Urban Impact Entrepreneurs Are Out There (Trust Us)
Urban innovation isn’t just coming from government or large companies. There’s a real movement of entrepreneurs looking to solve problems in their own communities. These urban impact entrepreneurs are creative and nimble – and have the ability to scale their innovations across cities.
Tumml, the urban ventures accelerator, issued an open call for applications from entrepreneurs across the country in April. We were overwhelmed by the response – both in terms of quantity and quality – and we’re proud to announce the five companies we’ve selected for our first cohort.
Tumml’s 2013 summer cohort
The Tumml cohort is comprised of early stage companies leading the charge in urban innovation. Please say hello to Tumml’s new class of urban impact entrepreneurs:
Corral makes your urban commute easier and faster.
Earth Starter makes all-in-one garden systems that help city dwellers grow food and flowers in small spaces by removing the guesswork.
KidAdmit provides an easy, efficient way to apply to multiple preschools online and manage the preschool admission process – which can be so daunting in cities.
WorkHands is a blue collar online identity service that makes it easier to find work in the trades.
These five companies will spend the next three-and-a-half months working in Tumml’s office space in downtown San Francisco, receiving mentorship from a group of accomplished urbanites (like the Director of Public Policy at Airbnb and the Chief Innovation Officer of San Francisco) and $20,000 in seed funding.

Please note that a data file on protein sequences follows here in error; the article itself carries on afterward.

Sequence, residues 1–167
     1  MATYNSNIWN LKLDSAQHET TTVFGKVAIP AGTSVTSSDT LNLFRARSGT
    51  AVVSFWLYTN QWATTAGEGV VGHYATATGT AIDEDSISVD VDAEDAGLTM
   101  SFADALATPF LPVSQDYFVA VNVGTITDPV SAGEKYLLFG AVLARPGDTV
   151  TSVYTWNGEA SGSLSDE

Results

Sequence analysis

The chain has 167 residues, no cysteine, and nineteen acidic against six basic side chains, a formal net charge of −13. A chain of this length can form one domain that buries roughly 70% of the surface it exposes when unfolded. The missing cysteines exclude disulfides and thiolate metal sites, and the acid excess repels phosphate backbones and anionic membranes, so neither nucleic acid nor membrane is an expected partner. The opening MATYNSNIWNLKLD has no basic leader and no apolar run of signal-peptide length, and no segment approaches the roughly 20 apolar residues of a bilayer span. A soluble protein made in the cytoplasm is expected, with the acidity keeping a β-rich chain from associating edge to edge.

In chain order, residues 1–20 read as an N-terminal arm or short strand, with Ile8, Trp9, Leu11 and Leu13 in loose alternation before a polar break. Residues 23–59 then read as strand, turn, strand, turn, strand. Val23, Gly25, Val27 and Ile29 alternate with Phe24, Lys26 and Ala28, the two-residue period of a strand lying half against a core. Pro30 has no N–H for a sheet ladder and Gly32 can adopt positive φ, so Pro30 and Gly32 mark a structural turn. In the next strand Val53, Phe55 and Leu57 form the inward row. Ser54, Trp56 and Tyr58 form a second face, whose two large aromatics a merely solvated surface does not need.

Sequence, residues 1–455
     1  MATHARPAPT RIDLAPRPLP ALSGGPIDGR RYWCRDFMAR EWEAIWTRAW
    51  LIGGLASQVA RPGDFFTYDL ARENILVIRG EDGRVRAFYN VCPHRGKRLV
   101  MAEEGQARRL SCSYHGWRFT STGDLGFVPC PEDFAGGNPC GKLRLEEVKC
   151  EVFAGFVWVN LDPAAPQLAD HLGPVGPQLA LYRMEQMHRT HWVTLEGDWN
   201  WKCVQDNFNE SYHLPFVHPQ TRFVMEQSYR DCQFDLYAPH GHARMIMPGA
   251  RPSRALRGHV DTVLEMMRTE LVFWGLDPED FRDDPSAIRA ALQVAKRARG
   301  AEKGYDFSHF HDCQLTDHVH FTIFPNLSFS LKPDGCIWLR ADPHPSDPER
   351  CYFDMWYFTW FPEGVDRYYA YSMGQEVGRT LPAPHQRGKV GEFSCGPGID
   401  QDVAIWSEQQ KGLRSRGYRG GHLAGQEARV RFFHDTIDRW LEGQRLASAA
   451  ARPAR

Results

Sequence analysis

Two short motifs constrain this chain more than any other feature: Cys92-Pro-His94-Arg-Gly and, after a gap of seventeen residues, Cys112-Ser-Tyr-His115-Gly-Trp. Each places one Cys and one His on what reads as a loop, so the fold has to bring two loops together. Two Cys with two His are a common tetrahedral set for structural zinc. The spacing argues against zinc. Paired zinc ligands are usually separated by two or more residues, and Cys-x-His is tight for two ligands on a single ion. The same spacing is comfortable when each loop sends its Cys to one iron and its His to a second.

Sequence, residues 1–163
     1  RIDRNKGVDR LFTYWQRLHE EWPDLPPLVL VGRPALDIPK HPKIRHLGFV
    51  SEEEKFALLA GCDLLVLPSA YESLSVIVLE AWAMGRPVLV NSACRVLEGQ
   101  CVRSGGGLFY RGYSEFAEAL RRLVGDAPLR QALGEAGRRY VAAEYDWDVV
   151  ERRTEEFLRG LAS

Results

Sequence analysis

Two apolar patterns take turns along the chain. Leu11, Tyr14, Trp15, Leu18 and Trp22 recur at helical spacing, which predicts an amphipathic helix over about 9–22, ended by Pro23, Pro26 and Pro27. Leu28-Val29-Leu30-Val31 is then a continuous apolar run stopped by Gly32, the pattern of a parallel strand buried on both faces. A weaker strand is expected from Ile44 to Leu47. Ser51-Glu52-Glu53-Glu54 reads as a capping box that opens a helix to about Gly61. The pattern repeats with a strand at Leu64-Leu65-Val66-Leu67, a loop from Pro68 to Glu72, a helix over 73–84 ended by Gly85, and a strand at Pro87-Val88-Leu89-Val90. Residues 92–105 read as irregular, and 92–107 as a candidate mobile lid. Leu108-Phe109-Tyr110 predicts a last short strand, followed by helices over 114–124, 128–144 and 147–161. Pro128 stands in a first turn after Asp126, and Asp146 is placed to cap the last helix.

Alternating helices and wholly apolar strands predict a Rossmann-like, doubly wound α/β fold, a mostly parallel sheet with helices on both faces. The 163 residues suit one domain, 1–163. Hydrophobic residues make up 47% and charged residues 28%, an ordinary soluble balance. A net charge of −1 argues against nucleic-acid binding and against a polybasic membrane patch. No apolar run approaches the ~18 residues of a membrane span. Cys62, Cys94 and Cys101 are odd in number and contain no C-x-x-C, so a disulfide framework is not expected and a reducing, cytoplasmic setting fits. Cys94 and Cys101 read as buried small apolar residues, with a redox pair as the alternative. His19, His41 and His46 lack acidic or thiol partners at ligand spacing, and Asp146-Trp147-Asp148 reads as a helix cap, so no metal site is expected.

While Tumml is only hosting a small cohort of companies, we are excited by the energy and diversity of all the urban innovators who applied to our program. They are working on a wide variety of topics, but three themes really stand out to us:
- Small business services: Entrepreneurs developing some product or service that specifically targets and supports urban small businesses;
- Mobility: Entrepreneurs developing some product or service that makes getting around cities simpler and safer; and
- Local food: Entrepreneurs developing some product or services that makes it easier to grow or access local food.
To some extent, we attribute the strong representation in these three areas to the fact that there are already some success stories in these sectors (think: Fundrise, Uber, Revolution Foods, etc). This makes it easier for some entrepreneurs to envision starting companies of their own in a relatively new industry.
In addition to the variety of sectors represented, we also see some interesting demographic trends:
- 48 percent of the applicants have a female founder or co-founder. We can only speculate about why this number is so high (according to the Kauffman Foundation, only 35 percent of US startup business owners are women). But, at least anecdotally, our impression is that many women entrepreneurs are particularly excited about solving problems they have experienced personally – and what problems can a person know better than the ones in his or her own city?
- 40 percent of applicants are working on products or services specifically targeted at underserved communities within our cities. This is incredibly exciting for us. We often hear concerns that the sharing economy and other urban innovations are leaving behind the people who could benefit most from their use (ridesharing, short-term housing, etc). We are heartened to see this next wave of urban innovators embracing the responsibility (and the market opportunity) of targeting some of our cities’ overlooked residents.